The non-calm after the victory storm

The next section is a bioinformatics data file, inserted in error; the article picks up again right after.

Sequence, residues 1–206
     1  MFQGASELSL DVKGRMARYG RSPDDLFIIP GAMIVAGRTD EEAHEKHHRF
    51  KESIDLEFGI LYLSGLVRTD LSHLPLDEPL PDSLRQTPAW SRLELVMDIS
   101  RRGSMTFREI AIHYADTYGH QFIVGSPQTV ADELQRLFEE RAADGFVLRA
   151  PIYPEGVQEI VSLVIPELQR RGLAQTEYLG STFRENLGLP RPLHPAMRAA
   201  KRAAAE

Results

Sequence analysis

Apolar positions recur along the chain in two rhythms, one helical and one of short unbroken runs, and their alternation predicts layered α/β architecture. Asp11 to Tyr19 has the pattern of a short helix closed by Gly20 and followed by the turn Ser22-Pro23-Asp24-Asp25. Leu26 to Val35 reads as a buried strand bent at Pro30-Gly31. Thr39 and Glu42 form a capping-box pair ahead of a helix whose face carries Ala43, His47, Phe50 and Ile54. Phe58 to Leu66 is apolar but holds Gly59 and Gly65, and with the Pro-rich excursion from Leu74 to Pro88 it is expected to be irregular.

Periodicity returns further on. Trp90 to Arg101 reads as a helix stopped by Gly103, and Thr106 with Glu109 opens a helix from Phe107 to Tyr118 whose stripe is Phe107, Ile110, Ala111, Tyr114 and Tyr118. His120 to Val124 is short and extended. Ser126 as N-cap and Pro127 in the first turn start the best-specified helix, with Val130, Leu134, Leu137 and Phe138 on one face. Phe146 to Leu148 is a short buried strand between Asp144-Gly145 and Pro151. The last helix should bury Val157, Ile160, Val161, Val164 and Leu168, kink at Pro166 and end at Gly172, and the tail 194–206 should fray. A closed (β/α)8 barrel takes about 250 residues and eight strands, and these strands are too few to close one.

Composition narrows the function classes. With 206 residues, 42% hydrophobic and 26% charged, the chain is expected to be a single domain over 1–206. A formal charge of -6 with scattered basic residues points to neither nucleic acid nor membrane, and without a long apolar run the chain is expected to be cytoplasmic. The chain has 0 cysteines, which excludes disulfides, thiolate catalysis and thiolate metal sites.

The superlatives have all been said and the cliches cloned for public consumption (once you’ve designated your national team «gods» and their coach a king, there’s not much room for an encore), and all the shouting has finally subsided following Greece’s improbable victory in the Euro 2004 soccer championship. It really was a remarkable, fairy-tale run, with victory correspondingly sweet. Success was sudden, yet the Greek team was no one-match wonder; it built up to a crescendo, match after gripping match (just one loss in six games), until, like Hillary scaling Everest, it discovered there was no more uphill to go. Greece had found itself atop the European heap, with all the euphoria that exertion at high altitude brings. It came at a golden time, little more than a month before the Olympics commence in this great if flawed old city. (And there was a striking similarity between the crowd picture taken from high in the Panathenaic Stadium, splashed over world newspapers the next day, and the scenes of delirium there when Spyros Louis won his marathon race in 1896.) Greece needed a psychological boost, and got it when its national team come out of nowhere to steal the crown away from the cream of European and world soccer, including defending titleholders France in the quarterfinals and hosts Portugal, which it beat in its first and last games. After all the delays, construction, infighting and escalating Olympic budgets, Athenians were overdue for some good news on the sports front. Building on success For the Olympics preparations, however, the win did not turn around a dire situation but rather solidified, in spectacular fashion, a string of recent successes. Often the most striking victories are not self-standing but rather reinforce previous successes (like Alexander the Great building on Philip of Macedon’s empire). In this case, much has already been achieved since late winter. The dark days of March were full of concern over the Calatrava roof; the International Olympic Committee was chafing about Greece’s need to focus on the basics; the marathon route was a new/old mess, with a contractor gone bankrupt and its work being dug up to fix all the mistakes it had made; and of renewed security jitters after the terrorist bombings on Madrid’s commuter trains and the IOC’s taking out of a Games cancellation insurance policy. Since then, hope has gradually displaced the worst fears. Like the win in Portugal, this too came in stages: the great sigh of relief at the fitting of the Calatrava roof; the successful testing of the main stadium at a sports event; the full green light given by the Coordination Commission in its final visit; and the completion of the tram system (to operate commercially within days). All is far from perfect: the security system, just officially handed over yesterday, is still unfinished, while too much of Athens – not least long stretches of Syngrou Avenue, along which hordes will travel next month – remains in an unfinished, blockaded mess. Still, Euro 2004 was an exclamation mark that announces the Olympic summer in the grandest possible style. Football lessons We can revel in the victory, but what can we learn from it? Some lessons have been picked over pretty well, like the need for teamwork and the value of hard work. We could add a few here, easily applicable to the Olympic effort underway and still to come. One lesson is the need for pace and caution alongside action, which Greece’s defensive-oriented game, efficient but unspectacular, reinforced. In the entire «knockout» round, Greece won all three games by identical scores of 1-0; and each of its goals came, at the earliest, midway through the second half. In the semifinal, it was at the end of an overtime period, after over 100 minutes of play. Now that’s patience. And one goal was enough in each case. There’s a big, general lesson here. A summer of sport doesn’t mean a summer of leisure; for most it means grinding away and more hours, a marathon of work as well as of sport, as too many people will get too little time off. There is a real danger in that. You can work a week, two weeks at a stretch without a break, but a flat-out effort for two months can’t be done well. Burnout is a real danger for many. It’s simply impossible to keep a top level of vigilance for so long, to run long distances at sprint speed, whatever your line of work. Everyone had better watch it and pace himself without trying to do everything in non-stop Olympian manner this Olympic summer. Another thing the team demonstrated was a marvelous ability to respond to challenges and bounce back from adversity. This was partly by taking advantage of opportunities that came its way. In the final, against Portugal, the opposing team had some 10 corner kick opportunities, and converted none; Greece had but one the whole game – and converted it for the game winner. It also responded when it had to. The third and final game of the group round, against Russia, was possibly the most crucial of all, for Greece could easily have blown their chance to make it past the preliminaries. The team fell behind quickly, giving up two goals before they could break a sweat. Then the team regrouped and scored a crucial goal that reduced the deficit to 2-1 and got them through. All that enabled the march to the cup. And that is what the Olympics will be about: responding to adversity and the unexpected. You can plan for years and still not know what will happen when humans are involved. Things can and will go wrong. Getting everybody where they are supposed to be and when will be a herculean task; and the critical decisions in the first days of the Games to rectify any problems will test everyone. A third, more sober lesson has to do with crowd control. One can imagine the IOC being none too pleased about scenes of the triumphant team bus inching its way through jubilant crowds spilling into the roadways, waving flares and flags, joyfully shutting down Athens for an entire weekday evening. Thankfully, the crowds were in a great mood, celebrating a national win and only that. In this respect it really was a remarkable scene on Monday. But if anything untoward had happened in its midst, pandemonium could have resulted without officials or police being able to do anything about it. Many happy returns The soccer team’s triumphal return to Greece was only the first of three returns to Greek soil in this week alone. Another came the next day, in the form of an IOC inspection team to review progress, talk to officials, and check venue readiness. Coordination Commission visits are now past, but the IOC has a vital interest in ensuring it’s all on track. Known details were few as the inspectors came to look, not talk. The third return, for which publicity is not just necessary but essential, is happening today; the return of the Olympic Flame to Greek soil after its whirlwind worldwide tour that started on June 3. Arriving in Iraklion, Crete, the torch will wind through hamlets and villages around Greece before arriving in the Athens area on August 11 for the opening ceremony two days later. The torch, like the team, is a way to involve Greeks well outside the capital in the sporting life of 2004. It will be like the Pied Piper of Hamelin, drawing those mesmerized by its tune along in its wake. Plenty have been already, although the magic of the Flame could not overcome decades of animosity on Cyprus; the dip into Northern Cyprus had to be scrapped. The German coach and Greece’s team made quite a pair, a nice prelude to the IOC and Greece trying to team up for the Games. The triumph in Portugal is a great prelude but a stiff example to emulate.